Ricky Gervais, co-creator of Extras and the original British version of The Office, goes it alone this weekend, starring in his first U.S. standup special and featuring only his own material.
And what material it is – delivered almost effortlessly, it seems, with a casualness that distracts from both how well-written, and how outrageous, it really is.
Ricky Gervais: Out of England, premiering Saturday night at 9 on HBO, takes on targets you wouldn’t think anyone could get away with poking fun at, including Stephen Hawking, nelson Mandela and Rosa Parks. But Gervais does it, in part because he seldom breaks character, and encourages audiences to laugh at him as well as with him.
Watching this 75-minute solo special, you’ll do plenty of both.
It’s stunning, in one way, that Gervais can take an actual artifact, a public-service postcard from the early days of AIDS, and mine this “found comedy” item for several minutes’ worth of observations, questions, reenactments and very big laughs. Yet it works because his delivery is so quietly conversational – an effect enhanced by the headphone microphone he uses in lieu of the standard-issue hand mike.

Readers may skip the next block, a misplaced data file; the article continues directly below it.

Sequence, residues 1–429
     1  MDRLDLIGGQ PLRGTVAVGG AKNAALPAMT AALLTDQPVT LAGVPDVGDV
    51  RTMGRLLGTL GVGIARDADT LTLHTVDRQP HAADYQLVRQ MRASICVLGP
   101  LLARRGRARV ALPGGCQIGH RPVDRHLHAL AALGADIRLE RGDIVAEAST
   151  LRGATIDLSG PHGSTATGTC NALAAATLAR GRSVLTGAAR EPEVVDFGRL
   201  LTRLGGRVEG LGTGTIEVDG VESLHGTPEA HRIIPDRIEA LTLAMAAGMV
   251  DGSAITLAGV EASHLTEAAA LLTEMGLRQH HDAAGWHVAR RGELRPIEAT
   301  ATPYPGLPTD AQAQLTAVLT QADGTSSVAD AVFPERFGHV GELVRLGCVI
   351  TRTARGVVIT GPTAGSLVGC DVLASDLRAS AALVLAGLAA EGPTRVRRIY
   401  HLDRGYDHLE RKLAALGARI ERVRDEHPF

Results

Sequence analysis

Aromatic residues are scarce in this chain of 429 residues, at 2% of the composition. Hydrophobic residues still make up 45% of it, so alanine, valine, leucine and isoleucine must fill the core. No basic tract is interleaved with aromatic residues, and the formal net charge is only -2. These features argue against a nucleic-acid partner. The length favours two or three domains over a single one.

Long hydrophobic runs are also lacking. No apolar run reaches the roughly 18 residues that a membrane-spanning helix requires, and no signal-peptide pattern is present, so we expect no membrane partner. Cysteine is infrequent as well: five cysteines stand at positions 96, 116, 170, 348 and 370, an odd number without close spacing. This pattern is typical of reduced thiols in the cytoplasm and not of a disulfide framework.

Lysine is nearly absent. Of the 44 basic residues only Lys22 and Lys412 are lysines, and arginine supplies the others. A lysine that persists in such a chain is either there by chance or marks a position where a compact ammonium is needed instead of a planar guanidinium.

In standup, Jerry Seinfeld points out odd little behaviors and irritations, comments on them, and moves on. Ricky Gervais takes a similar approach, but is more of a comedic pit bull: once he locks onto something, it takes a long time for him to let go. And somehow, when the first and second punch lines eventually lead to the eleventh and twelfth ones, the whole bit becomes even funnier as a result.
The Office, Extras and now Out of England – when it comes to making brilliant TV comedy, Ricky Gervais is now an uncanny, astoundingly impressive 3 for 3.
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